No longer simply used to provide basic information on vehicles, telematics software is now essential to maintaining a predictive maintenance schedule for fleets. Movolytics explains more.
While many fleets aim for predictive maintenance, for smaller businesses with limited resources and personnel, staying on top of a disciplined schedule can be a challenge. This is where the latest telematics solutions come in. Instead of simply providing information on the location of the vehicles, the most advanced solutions provide detailed data and analytics on vehicle health, and factors that contribute to it, such as driving behaviour.
Some solutions, such as Movolytics, that draw information directly from the engine management system, are able to provide real-time data on the vehicle’s status. By presenting this information on intuitive dashboards, fleet managers can access a holistic view of the status of their vehicles. If an issue with the engine, for example, is identifi ed, the system can send an alert to the fleet manager and the driver, with details of the problem and advice on how to proceed – whether the vehicle is safe to drive to the nearest garage or if the engine should be stopped immediately.
The detailed data the system presents also enables more intelligent proactive maintenance and easier management of planned maintenance schedules. By recording driving behaviour across key areas such as fuel consumption, braking, speeding and idling, it paints a detailed picture of the activity of each driver that contributes to wear of their vehicles. Idling, for example, can be costly not only in terms of fuel consumption, but also when it comes to the wear on engine components, and harsh braking can take its toll on brake pads, reducing the lifespan of these vital components.
It’s all about data
Analysing this data helps operators identify vehicles that are at risk and which would benefit from more regular maintenance. The visual dashboard makes comparing vehicle and driver performance simple, so that any anomalies are easy to spot.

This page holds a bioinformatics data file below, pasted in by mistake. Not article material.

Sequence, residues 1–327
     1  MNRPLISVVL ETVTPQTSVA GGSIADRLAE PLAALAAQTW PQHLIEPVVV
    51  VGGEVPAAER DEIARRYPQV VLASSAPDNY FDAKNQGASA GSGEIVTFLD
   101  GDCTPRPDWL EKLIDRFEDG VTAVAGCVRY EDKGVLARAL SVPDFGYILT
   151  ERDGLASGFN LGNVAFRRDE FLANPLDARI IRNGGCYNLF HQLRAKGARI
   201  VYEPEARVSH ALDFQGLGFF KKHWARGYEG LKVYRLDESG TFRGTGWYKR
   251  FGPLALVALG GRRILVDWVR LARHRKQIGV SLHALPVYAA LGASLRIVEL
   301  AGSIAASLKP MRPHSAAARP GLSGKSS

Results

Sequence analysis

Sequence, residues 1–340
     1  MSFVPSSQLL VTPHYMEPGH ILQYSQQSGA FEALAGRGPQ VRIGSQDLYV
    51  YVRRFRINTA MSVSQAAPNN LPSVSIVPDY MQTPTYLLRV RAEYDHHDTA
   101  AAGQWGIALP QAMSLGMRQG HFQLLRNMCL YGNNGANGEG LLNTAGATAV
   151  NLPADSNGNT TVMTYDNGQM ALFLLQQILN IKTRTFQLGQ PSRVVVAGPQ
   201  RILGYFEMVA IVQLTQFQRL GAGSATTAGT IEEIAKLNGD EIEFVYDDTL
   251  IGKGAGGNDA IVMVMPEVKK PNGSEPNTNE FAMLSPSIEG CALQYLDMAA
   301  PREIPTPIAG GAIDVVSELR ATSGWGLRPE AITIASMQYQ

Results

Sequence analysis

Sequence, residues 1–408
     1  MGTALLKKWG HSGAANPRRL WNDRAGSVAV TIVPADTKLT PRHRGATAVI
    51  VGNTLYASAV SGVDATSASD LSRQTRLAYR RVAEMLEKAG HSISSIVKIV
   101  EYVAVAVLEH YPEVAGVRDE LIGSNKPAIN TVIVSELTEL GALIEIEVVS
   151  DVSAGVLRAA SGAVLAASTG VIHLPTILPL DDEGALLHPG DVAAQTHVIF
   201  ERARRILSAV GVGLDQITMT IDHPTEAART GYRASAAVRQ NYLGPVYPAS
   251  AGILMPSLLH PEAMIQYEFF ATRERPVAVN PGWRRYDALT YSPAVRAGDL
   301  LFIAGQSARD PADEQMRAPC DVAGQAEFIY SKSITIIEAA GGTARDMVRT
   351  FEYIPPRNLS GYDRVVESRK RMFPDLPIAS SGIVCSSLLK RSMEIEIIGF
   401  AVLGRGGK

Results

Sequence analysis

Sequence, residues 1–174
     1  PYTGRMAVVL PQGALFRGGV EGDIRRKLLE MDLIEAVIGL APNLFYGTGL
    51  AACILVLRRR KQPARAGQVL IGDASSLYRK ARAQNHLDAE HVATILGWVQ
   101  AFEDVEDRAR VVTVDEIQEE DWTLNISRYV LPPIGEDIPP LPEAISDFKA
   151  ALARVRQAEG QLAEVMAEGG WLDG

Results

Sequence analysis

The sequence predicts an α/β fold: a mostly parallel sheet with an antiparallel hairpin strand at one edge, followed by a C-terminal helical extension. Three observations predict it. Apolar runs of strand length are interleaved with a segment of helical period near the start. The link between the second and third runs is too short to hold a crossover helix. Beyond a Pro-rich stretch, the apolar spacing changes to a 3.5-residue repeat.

If one vehicle is constantly consuming excess fuel, for instance, it might stem from poor driving behaviour or indicate an actual fault in the vehicle, which would require urgent attention. By drawing on this information, the fleet manager can educate drivers and ensure the ‘at risk’ vehicles have more frequent maintenance schedules.
In the workshop, the information from the fleet management system can help speed up maintenance and repairs. As the data from the fleet management systems is stored in the cloud and can be accessed remotely, fleet managers can easily share backdated data of the vehicle’s performance with the maintenance team, to help them identify the problem and its causes.
Looking at the data, engineers can recognise patterns that contribute to wear, enabling them to help fleet managers find the optimal management cycle to prolong fleet life. Additionally, telematics can also help workshop managers optimise daily schedules and provide better customer service. When the fleet manager is alerted to a fault by their telematics system, they can quote the fault when booking the vehicle in for repairs. As the fault has already been identified, to an extent at least, the workshop manager will have a better idea of how long the repair will take and can allocate time accordingly.
It is easy to see how the information fleet management systems provide about a vehicle can benefit both fleets and workshops, and the systems are set to contribute even more to the way vehicle health is managed in the future.